Last Thursday I attended my 3rd concert in a matter of 4 days. I had been having a lot of fun, but fun can take a toll on a girl. Still, I wearily trudged to The Casbah. I was there to see PigPen Theatre Co., an indie-folk band from New York.
My curiosity was sparked when I saw a bunch of cute, young guys on stage. They looked similar to a one direction type of boy band but I was pleasantly surprised to learn that the The Tragic Thrills were far from that. They informed the crowd that this was their last show opening for PigPen Theatre Co. I was in for a treat. Their band included a keyboard, bass, drum, and electric and acoustic guitar.
I assume they’re a local band or from somewhere near San Diego because I was standing near one of their grandmas for half the night. She seemed pretty cool. They also had a bunch of friends from high school supporting them at the show and a few groupies dancing throughout their whole set. It was nice to see a young up and coming band have such a large circle of support. So what about their music? Their music was sounded as good as they looked. They have an indie-pop feel and all their songs were very catchy.
They opened with Everyday, at first listen the song sounds very cheerful but the lyrics are melancholic. I trade pain with numbness, you betray my weakness. Because I’d rather swim through tears than walk through the desert any day. In a way this song represents the group themselves. They appear to be a peppy boy band but pay closer attention and you realize their music portrays genuine, thoughtful feelings and reflections. Fever was a slower song that again, had amazing lyrics. Sweet, sweet girl dreamed someday she’d be a writer, swore she’d never give up on her soul desire. Fever was more acoustic than the previous songs and the lead guitarist was the sole singer, this created a somber atmosphere. So although their looks were deceiving, The Tragic Thrills were wise beyond their years.
When PigPen Theatre Co. took over the stage I was surprised to see a 7 piece band, equipped with 2 banjos an accordion and later on in the show, a violin. These guys definitely know their instruments. PigPen has an indie folk/country feel to them, hence the banjos, accordion and violin. Apparently they’re all actors and met in a theater company, hence their name. Where the PigPen came from, I don’t know, they ignored that part when explaining their origins. They told the crowd that it was their first time in San Diego and in return they were met with a warm San Diego welcome, which included cheers, whistling and raising of glasses.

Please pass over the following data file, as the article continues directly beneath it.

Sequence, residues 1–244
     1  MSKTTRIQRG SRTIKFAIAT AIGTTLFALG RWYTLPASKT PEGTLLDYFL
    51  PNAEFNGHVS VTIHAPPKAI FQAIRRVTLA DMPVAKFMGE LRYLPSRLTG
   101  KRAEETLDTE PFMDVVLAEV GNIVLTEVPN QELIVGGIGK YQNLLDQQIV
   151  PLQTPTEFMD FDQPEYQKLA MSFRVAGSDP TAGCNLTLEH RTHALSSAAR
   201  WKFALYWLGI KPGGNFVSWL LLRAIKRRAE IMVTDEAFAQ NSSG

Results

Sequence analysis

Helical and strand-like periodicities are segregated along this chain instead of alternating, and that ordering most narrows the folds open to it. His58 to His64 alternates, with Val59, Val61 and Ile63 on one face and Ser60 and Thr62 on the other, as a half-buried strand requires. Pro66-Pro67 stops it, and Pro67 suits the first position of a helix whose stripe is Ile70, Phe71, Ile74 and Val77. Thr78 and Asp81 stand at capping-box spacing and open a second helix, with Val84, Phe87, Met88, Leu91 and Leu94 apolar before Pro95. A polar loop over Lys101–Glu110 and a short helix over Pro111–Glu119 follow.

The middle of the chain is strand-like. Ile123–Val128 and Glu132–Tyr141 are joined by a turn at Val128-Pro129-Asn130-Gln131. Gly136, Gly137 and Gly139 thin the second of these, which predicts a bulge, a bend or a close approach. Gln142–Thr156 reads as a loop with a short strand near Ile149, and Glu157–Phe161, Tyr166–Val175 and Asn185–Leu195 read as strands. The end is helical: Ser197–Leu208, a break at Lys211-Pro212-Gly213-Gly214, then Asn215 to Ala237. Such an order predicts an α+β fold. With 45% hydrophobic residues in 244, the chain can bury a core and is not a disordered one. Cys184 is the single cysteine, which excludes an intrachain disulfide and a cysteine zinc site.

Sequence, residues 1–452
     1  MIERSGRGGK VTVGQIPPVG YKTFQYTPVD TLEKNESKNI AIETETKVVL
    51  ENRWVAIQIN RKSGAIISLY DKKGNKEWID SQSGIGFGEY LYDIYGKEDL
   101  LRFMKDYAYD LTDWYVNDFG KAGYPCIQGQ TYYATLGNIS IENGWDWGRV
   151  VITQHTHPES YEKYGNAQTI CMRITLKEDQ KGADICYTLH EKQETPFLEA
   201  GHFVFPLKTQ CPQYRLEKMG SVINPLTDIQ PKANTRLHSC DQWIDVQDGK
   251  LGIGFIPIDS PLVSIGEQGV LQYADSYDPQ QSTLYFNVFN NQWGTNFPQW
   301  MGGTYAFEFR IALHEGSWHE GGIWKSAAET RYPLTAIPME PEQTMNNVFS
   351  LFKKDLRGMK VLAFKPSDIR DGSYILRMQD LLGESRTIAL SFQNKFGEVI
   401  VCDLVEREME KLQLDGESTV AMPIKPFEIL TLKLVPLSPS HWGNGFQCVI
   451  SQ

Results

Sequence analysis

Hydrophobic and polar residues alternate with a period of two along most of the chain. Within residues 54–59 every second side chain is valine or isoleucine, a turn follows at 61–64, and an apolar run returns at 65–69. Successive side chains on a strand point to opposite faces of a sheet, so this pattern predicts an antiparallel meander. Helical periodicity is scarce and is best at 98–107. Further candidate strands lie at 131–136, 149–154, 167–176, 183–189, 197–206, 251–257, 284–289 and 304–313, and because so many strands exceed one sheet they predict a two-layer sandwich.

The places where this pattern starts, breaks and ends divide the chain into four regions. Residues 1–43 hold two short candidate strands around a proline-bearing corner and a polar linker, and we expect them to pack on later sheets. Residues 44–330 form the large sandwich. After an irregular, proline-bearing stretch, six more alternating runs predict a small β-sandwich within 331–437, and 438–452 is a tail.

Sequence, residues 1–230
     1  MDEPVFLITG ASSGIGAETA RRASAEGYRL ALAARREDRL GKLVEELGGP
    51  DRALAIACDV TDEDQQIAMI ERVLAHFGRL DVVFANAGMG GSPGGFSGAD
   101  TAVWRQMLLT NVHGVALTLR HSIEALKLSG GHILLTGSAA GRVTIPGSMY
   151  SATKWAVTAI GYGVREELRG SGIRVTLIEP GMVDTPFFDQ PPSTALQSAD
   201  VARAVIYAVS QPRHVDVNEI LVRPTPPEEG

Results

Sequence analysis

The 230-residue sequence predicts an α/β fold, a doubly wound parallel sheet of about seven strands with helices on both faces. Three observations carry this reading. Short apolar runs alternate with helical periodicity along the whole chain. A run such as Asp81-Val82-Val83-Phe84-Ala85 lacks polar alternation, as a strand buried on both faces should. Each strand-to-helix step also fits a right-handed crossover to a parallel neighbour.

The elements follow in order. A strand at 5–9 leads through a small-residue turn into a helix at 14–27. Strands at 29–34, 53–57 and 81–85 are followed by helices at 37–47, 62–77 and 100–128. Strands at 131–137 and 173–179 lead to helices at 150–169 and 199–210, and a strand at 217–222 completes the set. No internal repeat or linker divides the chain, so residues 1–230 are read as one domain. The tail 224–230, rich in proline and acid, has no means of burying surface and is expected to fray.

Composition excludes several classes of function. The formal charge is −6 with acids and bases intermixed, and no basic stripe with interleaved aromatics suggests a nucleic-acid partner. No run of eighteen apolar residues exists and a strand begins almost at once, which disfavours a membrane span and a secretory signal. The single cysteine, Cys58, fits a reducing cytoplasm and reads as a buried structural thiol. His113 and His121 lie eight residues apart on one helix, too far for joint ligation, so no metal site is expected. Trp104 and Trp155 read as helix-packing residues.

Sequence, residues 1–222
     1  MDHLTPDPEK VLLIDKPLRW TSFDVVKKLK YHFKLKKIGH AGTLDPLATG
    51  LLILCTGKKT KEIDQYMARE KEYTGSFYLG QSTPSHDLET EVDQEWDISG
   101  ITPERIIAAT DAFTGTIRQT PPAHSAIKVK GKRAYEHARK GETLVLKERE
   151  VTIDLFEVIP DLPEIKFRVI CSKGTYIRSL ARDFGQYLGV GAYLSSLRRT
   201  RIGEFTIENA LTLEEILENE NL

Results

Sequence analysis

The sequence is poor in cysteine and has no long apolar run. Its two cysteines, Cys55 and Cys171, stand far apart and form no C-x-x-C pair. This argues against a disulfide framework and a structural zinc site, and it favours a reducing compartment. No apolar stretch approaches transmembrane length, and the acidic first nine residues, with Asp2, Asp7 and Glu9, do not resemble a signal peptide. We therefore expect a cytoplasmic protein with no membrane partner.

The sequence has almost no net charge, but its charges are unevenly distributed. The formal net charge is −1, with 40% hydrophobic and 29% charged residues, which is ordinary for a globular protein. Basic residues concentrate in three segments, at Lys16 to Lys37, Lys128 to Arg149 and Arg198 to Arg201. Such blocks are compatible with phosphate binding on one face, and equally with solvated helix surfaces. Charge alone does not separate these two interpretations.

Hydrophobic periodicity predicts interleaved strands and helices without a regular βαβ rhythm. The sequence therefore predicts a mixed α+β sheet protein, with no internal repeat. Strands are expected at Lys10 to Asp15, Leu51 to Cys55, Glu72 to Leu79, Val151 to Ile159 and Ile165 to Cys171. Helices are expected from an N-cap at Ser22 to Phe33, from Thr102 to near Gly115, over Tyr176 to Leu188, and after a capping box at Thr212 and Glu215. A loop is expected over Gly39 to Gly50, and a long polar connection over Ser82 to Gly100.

They opened with Crow, which sounds like it could be in a western movie. Specifically, the scene where the outlaws have to ride at sundown as to not get caught by the sheriff. The banjos are showcased in this song, both of them working in harmony as the band supports their twangy sound. They followed that with a song in Russian, I don’t speak Russian so I had no idea what the chorus was about but I enjoyed the song nonetheless. During this song the lead singer switched his acoustic guitar for a banjo, the KCR photographer that came along with me made a comment about it being “musical instruments” instead of musical chairs. That description fits PigPen perfectly. Everyone in the group seemed comfortable picking up a different instrument at any point in time. There was something very fluid and pleasing about watching the instruments being exchanged between all the members. I’m accustomed to watching a band who has one person for each instrument, so watching PigPen perform was refreshing. The Dress Song undeniably brings the accordion to the forefront.
The accordionist became the lead singer for this song as well (again with the switching). One of the crowd’s favorite songs was The Way I’m Running. Another instrument was brought into this song- the hands, as in clapping. It could not have gotten any more folk than this. It was very high energy. Along with the clapping there was a lot of stomping. If I knew how to dosi-do, this is the song I would have done it to. Because this was not a sold-out show, people at the room to dance along.
Their cover of The Band’s The Weight was my personal favorite. Everyone in the band had a chance singing a part of the song. I don’t know much about folk songs or country music but this reminded me of Jazz. In many Jazz songs each member gets a few bars (usually 4) to improvise, although PigPen didn’t exactly improvise, they each sang and played a specific part of the song. The bassist which remained quiet for most of the show was the one that blew the song out of the water. The crowd went wild for him, myself included. We were not expecting to hear such a boastful voice come from the quiet guy in the back.
I loved the comradely displayed on stage, they were laughing and genuinely having a good time together. Their stage presence was that of a folk band around the campfire. They were easygoing, constantly joking and talking to the crowd as if we were old friends. The cherry on top of this night was their encore. Me being a hip-hop head I was equally excited and surprised to hear their cover of Hey Ya by Outkast. The crowd seemed to enjoy it just as much as I did. This was a good way to end the show, simply because it was a familiar song that everyone could sing to. PigPen set the atmosphere for the show and we were immersed in it. PigPen Theatre Co. does not solely consist of musicians and actors. They are story tellers. Each song played told a story and the crowd was entranced, waiting and listening to hear how the story would unfold.
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